I think metatags are important. I think the title serves as both an SEO element and as a conversion-oriented call-to-action on a SERP. But it’s not a magic bullet. The people who ‘read something’ tend to think SEO is all just meta-tags, and don’t see all the other components that make this a far more intricate and skilled practice.

  4. Meta tags are one area where SEO opinions will vary in part because it doesn’t really matter what people think. You can optimize with or without them. One myth is that the search engines don’t look at meta tags any more. In fact, they all look at meta tags (and at least two major engines still use Keywords to help with scoring for relevance).

    The real test for the meta tags is to ask SEOs what, if any, effect they believe the tags have on search results. You can safely ignore anyone who says “none” as someone who doesn’t bother to even do minimal testing.

    All you have to do is place a few meta tags with unique expressions on a page and see where you can find those expressions on the various search engines. Then the diversity in opinions will become less important.

  5. Thanks for the great post Lee. I totally agree that ignoring the title tag is by far the most commonly neglected opportunities for search engine optimization.

    We produced a video called “The Simple Secret to Search” about optimizing title tags and the “long tail” of search. It can be viewed off of our home page (www.newfangled.com) or linked/embedded to via YouTube (http://www.youtube.com/watch?v=B4obmGdh7rA).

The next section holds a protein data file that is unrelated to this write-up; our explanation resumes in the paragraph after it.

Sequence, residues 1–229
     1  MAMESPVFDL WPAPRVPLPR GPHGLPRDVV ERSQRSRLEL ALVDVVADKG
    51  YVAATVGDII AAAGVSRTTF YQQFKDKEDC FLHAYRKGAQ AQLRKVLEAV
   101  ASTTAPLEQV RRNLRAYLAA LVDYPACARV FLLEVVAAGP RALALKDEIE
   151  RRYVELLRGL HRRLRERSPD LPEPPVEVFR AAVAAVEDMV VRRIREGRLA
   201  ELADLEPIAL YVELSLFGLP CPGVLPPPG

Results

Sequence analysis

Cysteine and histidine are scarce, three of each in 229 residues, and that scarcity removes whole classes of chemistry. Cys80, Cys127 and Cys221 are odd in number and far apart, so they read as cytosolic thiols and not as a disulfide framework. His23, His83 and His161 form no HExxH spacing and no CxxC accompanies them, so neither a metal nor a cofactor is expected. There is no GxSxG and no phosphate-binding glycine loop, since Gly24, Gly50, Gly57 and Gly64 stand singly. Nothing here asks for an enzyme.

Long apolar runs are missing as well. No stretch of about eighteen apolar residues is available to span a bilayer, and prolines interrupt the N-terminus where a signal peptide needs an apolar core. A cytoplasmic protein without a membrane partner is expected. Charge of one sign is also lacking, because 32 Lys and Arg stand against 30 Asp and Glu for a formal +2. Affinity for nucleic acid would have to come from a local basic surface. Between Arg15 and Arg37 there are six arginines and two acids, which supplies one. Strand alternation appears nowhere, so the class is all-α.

Thanks again!

    Eric Holter
    CEO – Newfangled Web Factory

  6. I think the big illusions people have with meta tags go between the two extremes. Either the meta tags are nothing or they’re capable of amazing things for your on page optimization.

    I prefer a middle ground. They do some, and are worth adding, but not worth wasting too much time perfecting. I like to have the description be something I would want people to read since it can be used by the search engine.

  7. Thanks for the article. Your examples and comparison makes a lot of sense. We do a great deal of meta tag optimization for our clients and we know exactly how much work and research is involved, especially sites with hundreds of pages. And like the previous post, I also believe that there is a middle ground. Writing a call to action title for every page is a bit excessive, may be good for the homepage but impossible to implement for a site with hundreds of pages. But, we make sure that there’s always relevant tags on each page, as it is better than having nothing at all.